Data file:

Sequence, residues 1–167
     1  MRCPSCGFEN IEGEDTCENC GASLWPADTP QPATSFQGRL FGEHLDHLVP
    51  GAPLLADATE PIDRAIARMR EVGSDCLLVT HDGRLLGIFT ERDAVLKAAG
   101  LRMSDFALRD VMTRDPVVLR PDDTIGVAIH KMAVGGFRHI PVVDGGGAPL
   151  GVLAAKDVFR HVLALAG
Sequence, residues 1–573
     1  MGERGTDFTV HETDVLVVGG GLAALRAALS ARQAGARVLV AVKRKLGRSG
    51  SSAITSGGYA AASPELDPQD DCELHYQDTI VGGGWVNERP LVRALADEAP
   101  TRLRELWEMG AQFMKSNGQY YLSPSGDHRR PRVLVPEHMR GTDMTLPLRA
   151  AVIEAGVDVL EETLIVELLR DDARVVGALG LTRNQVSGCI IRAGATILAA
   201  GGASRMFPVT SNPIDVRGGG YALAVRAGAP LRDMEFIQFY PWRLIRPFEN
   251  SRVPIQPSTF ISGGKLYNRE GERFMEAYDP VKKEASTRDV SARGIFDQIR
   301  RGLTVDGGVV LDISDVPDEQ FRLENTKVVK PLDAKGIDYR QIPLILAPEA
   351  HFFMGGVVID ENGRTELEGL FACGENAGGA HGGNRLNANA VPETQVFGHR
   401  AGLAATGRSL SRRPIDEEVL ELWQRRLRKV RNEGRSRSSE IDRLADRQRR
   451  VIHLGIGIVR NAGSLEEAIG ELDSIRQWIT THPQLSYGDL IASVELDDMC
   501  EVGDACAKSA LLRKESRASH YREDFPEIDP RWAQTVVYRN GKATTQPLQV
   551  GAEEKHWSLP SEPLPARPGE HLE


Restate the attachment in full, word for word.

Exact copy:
Sequence, residues 1–167
     1  MRCPSCGFEN IEGEDTCENC GASLWPADTP QPATSFQGRL FGEHLDHLVP
    51  GAPLLADATE PIDRAIARMR EVGSDCLLVT HDGRLLGIFT ERDAVLKAAG
   101  LRMSDFALRD VMTRDPVVLR PDDTIGVAIH KMAVGGFRHI PVVDGGGAPL
   151  GVLAAKDVFR HVLALAG
Sequence, residues 1–573
     1  MGERGTDFTV HETDVLVVGG GLAALRAALS ARQAGARVLV AVKRKLGRSG
    51  SSAITSGGYA AASPELDPQD DCELHYQDTI VGGGWVNERP LVRALADEAP
   101  TRLRELWEMG AQFMKSNGQY YLSPSGDHRR PRVLVPEHMR GTDMTLPLRA
   151  AVIEAGVDVL EETLIVELLR DDARVVGALG LTRNQVSGCI IRAGATILAA
   201  GGASRMFPVT SNPIDVRGGG YALAVRAGAP LRDMEFIQFY PWRLIRPFEN
   251  SRVPIQPSTF ISGGKLYNRE GERFMEAYDP VKKEASTRDV SARGIFDQIR
   301  RGLTVDGGVV LDISDVPDEQ FRLENTKVVK PLDAKGIDYR QIPLILAPEA
   351  HFFMGGVVID ENGRTELEGL FACGENAGGA HGGNRLNANA VPETQVFGHR
   401  AGLAATGRSL SRRPIDEEVL ELWQRRLRKV RNEGRSRSSE IDRLADRQRR
   451  VIHLGIGIVR NAGSLEEAIG ELDSIRQWIT THPQLSYGDL IASVELDDMC
   501  EVGDACAKSA LLRKESRASH YREDFPEIDP RWAQTVVYRN GKATTQPLQV
   551  GAEEKHWSLP SEPLPARPGE HLE